This sequel to the surprise 2013 hit sees paranormal investigators Ed and Lorraine Warren come out of semi-retirement in order to travel across the pond to Blighty to investigate the infamous 1977 Enfield haunting. Throughout, they are haunted by the spectres of the past and must face their own demons in order to save both the Hodgson family and ultimately themselves.
First things first, recent horror sequels have been notoriously poor. Usually, they are just a rehash of a decent premise that achieved box office success and are made just to make a quick buck. In this sense, it would be understandable to feel sceptical going in to see The Conjuring 2. But thankfully, this film is different. An exception to that trend. Beyond our two main protagonists, this is an entirely new story and ultimately, it’s one that is far better told than its predecessor.
And as with any horror film, the first question to ask is whether it’s scary. Well judging by the reaction of the audience during my screening, the answer is a definitive yes. What makes this film stand out is how quickly the horror occurs. Within the first few minutes, where other films would carefully set the scene, The Conjuring 2 hits you with the scare that sends the Warren’s into semi-retirement. Throughout the rest of the film, bar an odd lull in the middle, the scares come thick and fast and they are by and large, a blend of both the psychological and the more often used “jump scare.” And to its credit, the film never allows you to feel relaxed and comfortable.
Janet Hodgson: It said it wants to hurt you.
Lorraine Warren: When did it say that?
Janet Hodgson: Right now.
If you don’t know, the Enfield haunting was one of the most widely publicised poltergeist incidents in the UK and it has formed the basis of numerous films (and a decent tv series with Timothy Spall) since the events were reported. It has been described as “either the longest and most witnessed poltergeist case in history, or the greatest paranormal wind-up” and to its credit, despite the Hollywood gloss, the film at least captures the issues surrounding the incident. At its core is Janet Hodgson, the adolescent young girl targeted by the poltergeist and the film centres around her relationship with her breaking family, as much as it does the relationship of the Warren’s. Beyond the scares, it is the performances of the small cast that makes this a superior horror film. Madison Wolfe as Janet is superb, capturing both the vulnerability of her age whilst also demonstrating a precocious sense of mischief. However, the film’s greatest strength is in Patrick Wilson and Vera Farmiga whose chemistry as the Warren’s gives the audience something to genuinely care about. Too often the characters in horror films are just a vehicle to get to the scares. But the depth within The Conjuring 2 means that the audience will feel more than simply fear throughout its run time.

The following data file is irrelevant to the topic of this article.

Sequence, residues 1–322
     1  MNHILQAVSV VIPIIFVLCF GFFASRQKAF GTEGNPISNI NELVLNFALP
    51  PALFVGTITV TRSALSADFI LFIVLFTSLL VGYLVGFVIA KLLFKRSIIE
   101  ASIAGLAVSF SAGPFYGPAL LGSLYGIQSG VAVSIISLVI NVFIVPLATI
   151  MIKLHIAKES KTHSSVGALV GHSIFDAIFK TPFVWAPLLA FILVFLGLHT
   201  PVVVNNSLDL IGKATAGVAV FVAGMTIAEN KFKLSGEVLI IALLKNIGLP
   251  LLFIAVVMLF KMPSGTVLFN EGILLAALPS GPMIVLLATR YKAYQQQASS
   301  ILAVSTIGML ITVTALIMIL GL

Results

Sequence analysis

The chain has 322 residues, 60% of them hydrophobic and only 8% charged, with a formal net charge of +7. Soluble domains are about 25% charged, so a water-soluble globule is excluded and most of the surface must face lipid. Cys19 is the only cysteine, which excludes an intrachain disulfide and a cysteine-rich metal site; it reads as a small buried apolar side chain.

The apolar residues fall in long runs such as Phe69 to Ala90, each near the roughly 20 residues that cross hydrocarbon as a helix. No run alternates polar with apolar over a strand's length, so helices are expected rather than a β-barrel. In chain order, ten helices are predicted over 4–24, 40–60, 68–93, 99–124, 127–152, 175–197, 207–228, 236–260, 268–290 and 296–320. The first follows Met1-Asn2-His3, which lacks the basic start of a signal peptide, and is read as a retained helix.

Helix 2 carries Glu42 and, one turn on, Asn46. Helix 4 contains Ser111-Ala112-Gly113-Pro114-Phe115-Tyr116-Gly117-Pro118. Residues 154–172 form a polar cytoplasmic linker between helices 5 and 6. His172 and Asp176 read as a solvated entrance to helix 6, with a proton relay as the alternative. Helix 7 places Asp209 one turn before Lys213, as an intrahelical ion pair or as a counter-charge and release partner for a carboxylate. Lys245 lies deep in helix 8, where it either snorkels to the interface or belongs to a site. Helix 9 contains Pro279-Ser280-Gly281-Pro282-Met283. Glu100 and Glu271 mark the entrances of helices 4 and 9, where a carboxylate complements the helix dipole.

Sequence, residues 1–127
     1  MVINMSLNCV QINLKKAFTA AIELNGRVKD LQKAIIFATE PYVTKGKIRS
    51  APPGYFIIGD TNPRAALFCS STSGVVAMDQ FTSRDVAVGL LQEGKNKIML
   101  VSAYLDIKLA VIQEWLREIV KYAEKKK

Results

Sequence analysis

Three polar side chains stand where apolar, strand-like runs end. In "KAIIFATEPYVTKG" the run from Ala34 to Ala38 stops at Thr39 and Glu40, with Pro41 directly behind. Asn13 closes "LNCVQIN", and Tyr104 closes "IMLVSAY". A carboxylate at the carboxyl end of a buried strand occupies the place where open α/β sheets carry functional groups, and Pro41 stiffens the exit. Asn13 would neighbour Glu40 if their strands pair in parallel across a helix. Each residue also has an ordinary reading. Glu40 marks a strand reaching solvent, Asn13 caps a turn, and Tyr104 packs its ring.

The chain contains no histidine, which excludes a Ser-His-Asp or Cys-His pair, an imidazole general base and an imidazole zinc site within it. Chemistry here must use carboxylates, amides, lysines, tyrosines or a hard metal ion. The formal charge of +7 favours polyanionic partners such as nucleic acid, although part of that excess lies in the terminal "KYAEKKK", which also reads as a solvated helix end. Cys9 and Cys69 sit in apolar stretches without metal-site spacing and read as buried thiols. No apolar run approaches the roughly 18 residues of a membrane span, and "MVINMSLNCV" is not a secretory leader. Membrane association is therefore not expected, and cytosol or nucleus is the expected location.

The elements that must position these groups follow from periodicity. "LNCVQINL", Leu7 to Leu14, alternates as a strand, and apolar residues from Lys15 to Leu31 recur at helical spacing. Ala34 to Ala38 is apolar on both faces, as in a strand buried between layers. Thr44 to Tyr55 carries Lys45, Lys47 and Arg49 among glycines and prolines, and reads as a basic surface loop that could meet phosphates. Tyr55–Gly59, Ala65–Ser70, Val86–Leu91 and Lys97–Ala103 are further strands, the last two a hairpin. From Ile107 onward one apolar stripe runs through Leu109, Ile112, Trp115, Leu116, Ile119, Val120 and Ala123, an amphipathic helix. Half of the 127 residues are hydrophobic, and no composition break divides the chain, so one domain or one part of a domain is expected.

This is not to say that the film is flawless. Unfortunately, it suffers from the same pitfalls that plague so many horror films. Whilst there is some genuine psychological terror here, the plot progresses in such a way that it descends into “Jump scare” clichés, such as a hand appearing on someone’s shoulder. The audience is shown far too much of the poltergeist and so this lessens the sense of fear and dread. Less is more in this instance. The other real issue here is the CGI which is used briefly during the poltergeist’s more elaborate scares. It looks incredibly dated and takes you out of the film rather than draws you further in.
But these are minor gripes. The Conjuring 2 is a pleasant surprise that breathes new life into a stale genre. It’s incredibly well acted with three dimensional characters that you will care about and more importantly, it relentlessly tries to scare the life out of you from start to finish. On this, it definitely succeeds. It’s just a shame that it reveals too much too soon.
Reviewed by David Sanders